Nearly three years after the onset of the COVID-19 pandemic, the industrial sector is still facing persistent supply chain and logistics challenges. Trends like the rise of e-commerce and working from home have sent shockwaves throughout the commercial real estate industry, and driven skyrocketing demand for industrial space. Record low vacancy rates have businesses scrambling to find space, and with many tenants focused on preventing inventory shortage, warehouses are overstuffed.
The tightening of industrial real estate supply, coupled with overflowing inventory and rising rents, has made traditional warehousing an impractical solution for businesses attempting to navigate this new market. Even with record levels of industrial space under construction, most buildings are pre-leased before construction has even started, and high net absorption rates means construction can’t come fast enough.
With the holiday season right around the corner, many businesses have found it difficult to plan ahead, making it especially important for those that have faced disruptions to daily operations to stay adaptive to market conditions. Tenants must be strategic in how they approach warehousing, to ensure they’re finding the space that best fits their needs.
What businesses struggling to find space might not know is that, despite extreme supply constraints, there are large portions of industrial real estate in the market sitting vacant and underutilized. These hidden gems can be leveraged as short-term, on-demand warehousing to help alleviate common pain points felt by businesses and industrial real estate owners. For companies that need to stay agile amid constantly changing factors impacting inventory, customer experience and demand, these cost-effective, short-term warehousing solutions can be a lifeline.
A huge upside for businesses taking advantage of on-demand warehousing is the significant cost savings that result. As the gap between supply and demand grows, the vacancy squeeze will continue to push rents higher, making it difficult for companies that can’t predict what their inventory will look like from one month to the next to afford long-term leases. Extra industrial space that goes unused is a huge financial strain for a business, especially with a looming recession. On the other hand, purchasing patterns are still so unstable from the pandemic that overflow is also a financial concern. Utilizing on-demand warehousing gives a business maximum flexibility in length of lease, cutting down costs and allowing it to remain profitable through tumultuous times.
Short-term warehousing has also become a go-to for many businesses shifting to the just-in-case (JIC) supply chain model, in an attempt to avoid delays and shortages during the upcoming holiday season. As more companies abandon the just-in-time (JIT) model, they need a quick and flexible option to store extra inventory. Because most short-term warehousing options are on-demand, businesses can reserve space almost immediately for the time and place they need it, without the added pressure of having to sign binding contracts or long-term leases. Additionally, the versatility of on-demand warehousing means that it can provide support to a variety of businesses for a variety of reasons – whether a retail company needs space for extra inventory, or a construction company needs temporary storage for a project nearby.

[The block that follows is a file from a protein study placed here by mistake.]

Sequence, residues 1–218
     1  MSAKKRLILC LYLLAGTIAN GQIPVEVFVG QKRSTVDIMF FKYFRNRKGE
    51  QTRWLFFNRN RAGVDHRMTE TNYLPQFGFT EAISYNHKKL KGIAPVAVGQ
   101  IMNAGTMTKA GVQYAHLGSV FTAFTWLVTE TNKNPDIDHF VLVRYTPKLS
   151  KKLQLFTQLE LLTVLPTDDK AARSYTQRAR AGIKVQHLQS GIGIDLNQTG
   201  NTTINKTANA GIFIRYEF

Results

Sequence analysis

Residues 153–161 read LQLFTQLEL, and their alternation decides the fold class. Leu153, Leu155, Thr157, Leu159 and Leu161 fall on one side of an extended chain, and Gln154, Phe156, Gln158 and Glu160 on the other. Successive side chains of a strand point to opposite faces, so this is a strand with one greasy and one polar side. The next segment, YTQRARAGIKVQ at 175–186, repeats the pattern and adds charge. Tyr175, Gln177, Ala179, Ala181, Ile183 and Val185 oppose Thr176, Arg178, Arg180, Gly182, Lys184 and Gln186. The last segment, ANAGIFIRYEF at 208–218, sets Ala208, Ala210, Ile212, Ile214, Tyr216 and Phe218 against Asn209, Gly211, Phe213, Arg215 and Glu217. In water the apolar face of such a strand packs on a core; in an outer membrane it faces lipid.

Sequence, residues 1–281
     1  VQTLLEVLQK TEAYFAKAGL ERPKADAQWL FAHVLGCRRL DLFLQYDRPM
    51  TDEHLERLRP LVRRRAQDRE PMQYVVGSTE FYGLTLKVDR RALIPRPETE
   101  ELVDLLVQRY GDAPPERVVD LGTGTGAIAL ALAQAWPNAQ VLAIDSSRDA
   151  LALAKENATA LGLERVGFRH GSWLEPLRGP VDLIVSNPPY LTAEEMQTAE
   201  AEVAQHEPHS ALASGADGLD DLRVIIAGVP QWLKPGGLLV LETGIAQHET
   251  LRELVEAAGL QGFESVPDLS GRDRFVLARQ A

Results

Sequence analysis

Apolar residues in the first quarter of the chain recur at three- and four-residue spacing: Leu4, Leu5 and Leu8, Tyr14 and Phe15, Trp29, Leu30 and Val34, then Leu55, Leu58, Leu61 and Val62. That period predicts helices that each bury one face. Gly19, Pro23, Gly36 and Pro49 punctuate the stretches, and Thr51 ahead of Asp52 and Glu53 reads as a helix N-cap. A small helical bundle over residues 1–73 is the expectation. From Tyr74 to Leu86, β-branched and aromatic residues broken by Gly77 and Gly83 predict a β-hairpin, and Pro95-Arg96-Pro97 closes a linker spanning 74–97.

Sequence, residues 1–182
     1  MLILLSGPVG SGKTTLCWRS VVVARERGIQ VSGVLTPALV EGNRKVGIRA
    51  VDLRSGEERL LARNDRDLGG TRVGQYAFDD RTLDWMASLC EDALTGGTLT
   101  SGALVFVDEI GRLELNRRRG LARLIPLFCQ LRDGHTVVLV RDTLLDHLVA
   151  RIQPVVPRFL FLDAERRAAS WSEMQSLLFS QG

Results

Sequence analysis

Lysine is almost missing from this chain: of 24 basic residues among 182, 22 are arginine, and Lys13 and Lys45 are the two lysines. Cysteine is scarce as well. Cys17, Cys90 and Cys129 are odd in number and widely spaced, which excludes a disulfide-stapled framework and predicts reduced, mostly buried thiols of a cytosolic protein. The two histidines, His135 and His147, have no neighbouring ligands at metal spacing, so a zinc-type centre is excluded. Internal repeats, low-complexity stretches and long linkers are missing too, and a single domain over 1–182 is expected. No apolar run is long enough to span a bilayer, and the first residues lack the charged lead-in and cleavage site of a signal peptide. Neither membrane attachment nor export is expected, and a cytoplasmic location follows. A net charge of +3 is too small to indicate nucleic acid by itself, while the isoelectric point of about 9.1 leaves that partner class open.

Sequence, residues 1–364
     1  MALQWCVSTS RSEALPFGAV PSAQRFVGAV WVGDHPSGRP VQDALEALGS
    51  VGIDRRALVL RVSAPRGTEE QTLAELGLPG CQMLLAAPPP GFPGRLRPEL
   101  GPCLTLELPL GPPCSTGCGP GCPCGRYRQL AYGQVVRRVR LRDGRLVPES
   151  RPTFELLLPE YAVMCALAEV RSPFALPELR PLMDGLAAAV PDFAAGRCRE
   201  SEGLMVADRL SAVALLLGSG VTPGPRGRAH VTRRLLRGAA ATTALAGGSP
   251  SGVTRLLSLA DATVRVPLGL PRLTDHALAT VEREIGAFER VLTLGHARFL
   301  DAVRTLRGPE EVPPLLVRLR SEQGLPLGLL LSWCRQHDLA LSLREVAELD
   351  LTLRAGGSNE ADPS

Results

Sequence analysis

On the supply side, owners can turn pockets of unused space into revenue while helping businesses secure the space that best suits their fluctuating needs and timelines amid ongoing logistics issues. On-demand warehousing was created with the goal of being adaptable, and oftentimes the space available might not be traditional industrial real estate. For example, owners of vacant department stores can list this space on an on-demand warehousing platform, to turn a profit on what otherwise would have been an underutilized asset. During a time when supply is rapidly becoming scarce, even the most unconventional warehouses can prove to be necessary resources for companies desperately in need of space.
It’s more important than ever for businesses to be prepared for any possible scenario. The pandemic has proved that any number of events can upend day-to-day operations with little to no warning. Agile businesses are creating contingency plans in the form of on-demand, short-term warehousing. Not only do such facilities provide needed space, they offer companies the luxury of planning ahead in the face of ongoing market volatility.
Brad Wright is chief executive officer of Chunker.
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